Nigeria: ASTI–ARCN Country Factsheet
Nienke Beintema, Abdullahi Mohammed Nasir, and Lang Gao
International Food Policy Research Institute and Agricultural Research Council of Nigeria
Lack of funding diversity
By virtue of size, Nigeria continues to lead Africa south of the Sahara in terms of agricultural research capacity and investment; nevertheless, spending levels declined in recent years (in inflation-adjusted terms). The country’s investment in agricultural research as a share of AgGDP fell from an already low 0.39 percent in 2008 to 0.22 percent in 2014. The country’s agricultural research funding is mainly provided by the government, with donors and other sources constituting a very small share of the total amount (only 1.2 percent per year on average during 2009–2014).
Human capacity constraints
After a period of steady growth, agricultural researcher numbers in the government sector stagnated during 2011–2014. As of 2014, close to two-thirds of the sector’s senior researchers were approaching retirement age, making recruitment and training of young scientists to the PhD level an urgent priority. The first phase of WAAPP (2012–2016) funded PhD- and MSc-level training for 14 and 17 scientists, respectively. Nonetheless, much more training and recruitment is needed to tackle the imminent agricultural research capacity losses that Nigeria’s government sector is facing.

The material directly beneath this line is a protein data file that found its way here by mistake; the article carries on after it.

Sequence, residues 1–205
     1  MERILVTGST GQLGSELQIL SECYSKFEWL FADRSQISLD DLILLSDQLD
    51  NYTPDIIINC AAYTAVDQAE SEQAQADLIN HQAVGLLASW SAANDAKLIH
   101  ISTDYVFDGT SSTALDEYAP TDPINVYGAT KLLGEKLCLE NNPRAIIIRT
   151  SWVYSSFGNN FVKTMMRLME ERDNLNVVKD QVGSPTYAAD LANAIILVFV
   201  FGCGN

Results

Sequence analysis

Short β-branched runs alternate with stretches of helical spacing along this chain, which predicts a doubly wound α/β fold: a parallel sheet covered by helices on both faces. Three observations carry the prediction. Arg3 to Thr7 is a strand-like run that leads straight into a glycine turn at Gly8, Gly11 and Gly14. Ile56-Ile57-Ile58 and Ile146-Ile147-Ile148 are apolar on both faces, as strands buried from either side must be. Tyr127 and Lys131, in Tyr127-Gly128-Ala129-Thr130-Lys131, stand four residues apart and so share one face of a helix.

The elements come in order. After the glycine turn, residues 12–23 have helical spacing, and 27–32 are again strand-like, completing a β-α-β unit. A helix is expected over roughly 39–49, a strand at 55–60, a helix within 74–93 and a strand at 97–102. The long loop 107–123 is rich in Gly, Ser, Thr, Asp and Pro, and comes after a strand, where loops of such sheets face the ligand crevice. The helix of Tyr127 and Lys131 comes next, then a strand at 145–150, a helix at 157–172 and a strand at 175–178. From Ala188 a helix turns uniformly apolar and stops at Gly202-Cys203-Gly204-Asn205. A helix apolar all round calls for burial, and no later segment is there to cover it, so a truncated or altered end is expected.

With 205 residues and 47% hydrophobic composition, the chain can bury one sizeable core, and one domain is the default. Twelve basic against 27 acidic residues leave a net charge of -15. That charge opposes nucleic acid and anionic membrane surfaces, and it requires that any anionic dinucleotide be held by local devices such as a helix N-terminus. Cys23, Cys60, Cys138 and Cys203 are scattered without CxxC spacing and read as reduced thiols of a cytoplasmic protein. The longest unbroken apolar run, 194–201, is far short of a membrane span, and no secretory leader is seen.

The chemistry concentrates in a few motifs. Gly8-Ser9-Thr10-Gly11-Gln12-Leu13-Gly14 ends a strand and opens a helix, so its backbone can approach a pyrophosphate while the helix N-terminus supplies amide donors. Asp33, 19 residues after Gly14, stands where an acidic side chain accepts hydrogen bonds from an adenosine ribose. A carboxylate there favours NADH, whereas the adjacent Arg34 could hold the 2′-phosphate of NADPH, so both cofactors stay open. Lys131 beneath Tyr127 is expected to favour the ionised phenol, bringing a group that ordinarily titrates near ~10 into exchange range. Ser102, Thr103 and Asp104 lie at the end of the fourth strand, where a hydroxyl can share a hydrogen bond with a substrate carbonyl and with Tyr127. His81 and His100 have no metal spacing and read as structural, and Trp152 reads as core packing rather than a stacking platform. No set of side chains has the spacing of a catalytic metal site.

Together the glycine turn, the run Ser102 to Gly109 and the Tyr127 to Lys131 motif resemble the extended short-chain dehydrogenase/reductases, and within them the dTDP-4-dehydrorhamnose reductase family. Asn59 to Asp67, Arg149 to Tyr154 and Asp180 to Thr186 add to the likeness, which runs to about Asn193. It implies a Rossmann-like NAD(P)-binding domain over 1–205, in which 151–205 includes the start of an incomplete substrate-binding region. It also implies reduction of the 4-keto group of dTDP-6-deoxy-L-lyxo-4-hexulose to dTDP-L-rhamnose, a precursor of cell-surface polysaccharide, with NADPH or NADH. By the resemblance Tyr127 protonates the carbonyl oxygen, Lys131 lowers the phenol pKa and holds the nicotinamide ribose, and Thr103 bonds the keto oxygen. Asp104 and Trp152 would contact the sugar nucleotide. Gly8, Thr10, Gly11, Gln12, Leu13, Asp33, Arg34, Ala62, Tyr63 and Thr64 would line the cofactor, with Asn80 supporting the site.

With low levels of capital investment, Nigeria’s agricultural research infrastructure remains underequipped, understandably having negative impacts on the quality and quantitity of research outputs. Investment in the rehabilitation of research centers—other than those being rehabilitated under WAAPP—is crucial to the performance of effective research, to retaining and motivating researchers, and to the development of high-quality outputs. Therefore, funding for investments in research infrastructure and equipment needs to be sought urgently from the government and other sources.